Taking Care of Ourselves
By Marylou Kelly Streznewski
The importance of
self-aware gifted adults in the lives of gifted children
are also the places where adults are working out their lives. And since
it is the adults who are in charge in these areas; who set the tone,
choose the content and make the rules, their well-being is a crucial
factor in the well-being of their charges.
the greatest assets a gifted child can have is to be parented and
educated by self-aware gifted adults.
actuality, all of these are areas which impact the lives of gifted
children, but parenting and teaching are of primary concern.
tension and conflict around this question is often painfully obvious in
their faces, their voices and their body language. In talking to parent
groups, I have encountered this same kind of denial.
also been confirmed by teachers in other gifted programs. If men and
women are to be the best parents for their gifted offspring, they must
be able to deal with their own issues as gifted adults.
much better for a family to be able to see that they are a dynamically
interacting collection of high-powered individuals who can share both
the pleasures and the problems of dealing with a world which does not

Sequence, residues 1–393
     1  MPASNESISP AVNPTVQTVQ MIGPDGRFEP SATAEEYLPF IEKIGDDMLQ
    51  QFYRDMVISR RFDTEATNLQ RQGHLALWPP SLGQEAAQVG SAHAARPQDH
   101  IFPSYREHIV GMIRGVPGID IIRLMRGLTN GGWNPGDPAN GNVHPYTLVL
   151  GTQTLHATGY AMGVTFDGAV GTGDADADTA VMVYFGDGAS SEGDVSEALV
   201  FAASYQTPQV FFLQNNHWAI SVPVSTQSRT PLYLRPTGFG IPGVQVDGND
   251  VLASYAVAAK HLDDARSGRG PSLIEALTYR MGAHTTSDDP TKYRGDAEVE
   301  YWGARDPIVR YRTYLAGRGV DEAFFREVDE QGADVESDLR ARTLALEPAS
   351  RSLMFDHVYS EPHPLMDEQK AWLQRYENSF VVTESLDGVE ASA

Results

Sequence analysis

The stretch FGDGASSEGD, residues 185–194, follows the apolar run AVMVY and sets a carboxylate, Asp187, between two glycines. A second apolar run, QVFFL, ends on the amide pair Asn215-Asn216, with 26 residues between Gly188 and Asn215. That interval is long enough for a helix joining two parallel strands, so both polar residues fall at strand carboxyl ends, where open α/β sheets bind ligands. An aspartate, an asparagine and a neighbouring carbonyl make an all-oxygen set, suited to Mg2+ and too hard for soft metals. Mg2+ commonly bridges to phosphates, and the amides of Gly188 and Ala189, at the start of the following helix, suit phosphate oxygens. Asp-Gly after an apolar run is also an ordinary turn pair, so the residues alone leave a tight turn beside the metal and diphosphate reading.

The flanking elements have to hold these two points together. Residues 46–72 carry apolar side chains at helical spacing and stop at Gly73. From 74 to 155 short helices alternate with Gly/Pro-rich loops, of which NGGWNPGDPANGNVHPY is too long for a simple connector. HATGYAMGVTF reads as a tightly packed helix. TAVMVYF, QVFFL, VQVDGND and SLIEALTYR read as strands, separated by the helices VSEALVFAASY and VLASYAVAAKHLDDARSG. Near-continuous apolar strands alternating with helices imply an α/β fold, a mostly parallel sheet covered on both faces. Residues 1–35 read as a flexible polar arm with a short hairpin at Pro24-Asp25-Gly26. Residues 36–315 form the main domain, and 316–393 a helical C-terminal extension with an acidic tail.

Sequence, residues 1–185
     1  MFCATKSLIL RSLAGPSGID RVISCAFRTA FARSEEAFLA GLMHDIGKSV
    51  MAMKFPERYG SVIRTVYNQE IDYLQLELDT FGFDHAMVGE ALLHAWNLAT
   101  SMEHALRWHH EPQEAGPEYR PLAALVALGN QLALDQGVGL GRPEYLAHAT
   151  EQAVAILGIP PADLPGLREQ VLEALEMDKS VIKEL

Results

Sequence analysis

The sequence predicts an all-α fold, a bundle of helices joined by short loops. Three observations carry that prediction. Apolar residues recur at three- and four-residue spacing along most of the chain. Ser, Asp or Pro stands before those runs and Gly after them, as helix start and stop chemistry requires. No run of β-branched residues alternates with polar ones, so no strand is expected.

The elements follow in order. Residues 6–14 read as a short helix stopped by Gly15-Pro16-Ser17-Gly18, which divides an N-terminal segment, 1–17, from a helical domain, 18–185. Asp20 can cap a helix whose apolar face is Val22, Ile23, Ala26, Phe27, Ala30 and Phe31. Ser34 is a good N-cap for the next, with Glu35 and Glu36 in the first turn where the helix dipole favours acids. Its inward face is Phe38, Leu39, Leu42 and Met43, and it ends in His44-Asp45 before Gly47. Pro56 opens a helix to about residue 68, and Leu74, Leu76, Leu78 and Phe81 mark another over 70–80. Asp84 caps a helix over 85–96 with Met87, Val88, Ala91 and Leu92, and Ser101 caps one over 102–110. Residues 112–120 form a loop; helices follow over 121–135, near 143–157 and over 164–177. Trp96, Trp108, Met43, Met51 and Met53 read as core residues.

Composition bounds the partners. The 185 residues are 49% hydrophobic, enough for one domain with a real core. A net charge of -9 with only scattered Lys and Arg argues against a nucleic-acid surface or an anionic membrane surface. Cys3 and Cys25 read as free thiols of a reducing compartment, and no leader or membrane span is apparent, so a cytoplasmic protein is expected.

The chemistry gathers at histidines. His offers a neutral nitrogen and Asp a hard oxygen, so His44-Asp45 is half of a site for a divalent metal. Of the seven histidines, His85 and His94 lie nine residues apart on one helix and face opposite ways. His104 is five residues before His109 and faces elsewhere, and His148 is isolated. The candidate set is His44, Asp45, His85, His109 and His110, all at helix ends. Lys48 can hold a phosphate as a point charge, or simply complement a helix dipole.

always understand them.
if she moves confidently beyond denial or lack of awareness of her
gifts, a modern wife and mother is constantly challenged by personal
and career responsibilities.
Nature has decreed that the healthiest children are born to mothers in
their twenties. The male patterns of corporate society push women into
their thirties and even forties to have children, a long-term
disadvantage to women’s and children’s health, not to mention health
insurance and child care costs.
woman deeply involved in these challenges may be parenting one or more
of your students, or facing you across the desk at a difficult parent
conference. That woman may also be yourself.
two accomplished authors of Answers to the Mommy Track (1993) put it
quite bluntly, “If we want educated and well trained women to have
children in this society, then we must support the needs of there women
and their husbands to take care of training, developing and educating
can help children by understanding the challenges faced by their
parents, especially their
in an environment where school and home treated her as a troublesome
nuisance, she stumbled her way through 37 years before the light
dawned, courtesy of an enlightened teacher. She marveled, “It was like
being released after being locked in a closet!
had viewed as abnormality all my life was competence!” Although she was
successful in the career world, Adrian decided to devote full time to
raising her three gifted children. Needless to say, she is an avid
volunteer at her children’s school.
may ask for more work and make enemies. They have odd approaches to
things, and that can threaten the boss, if the odd approach turns out